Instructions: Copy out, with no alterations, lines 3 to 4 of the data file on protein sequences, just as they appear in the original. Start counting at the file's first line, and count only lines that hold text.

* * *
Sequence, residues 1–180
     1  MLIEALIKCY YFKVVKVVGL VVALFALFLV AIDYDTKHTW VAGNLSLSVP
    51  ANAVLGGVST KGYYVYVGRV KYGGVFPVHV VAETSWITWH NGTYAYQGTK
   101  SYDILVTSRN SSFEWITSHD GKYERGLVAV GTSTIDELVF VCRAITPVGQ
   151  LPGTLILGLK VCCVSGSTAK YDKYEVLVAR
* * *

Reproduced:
    51  ANAVLGGVST KGYYVYVGRV KYGGVFPVHV VAETSWITWH NGTYAYQGTK
   101  SYDILVTSRN SSFEWITSHD GKYERGLVAV GTSTIDELVF VCRAITPVGQ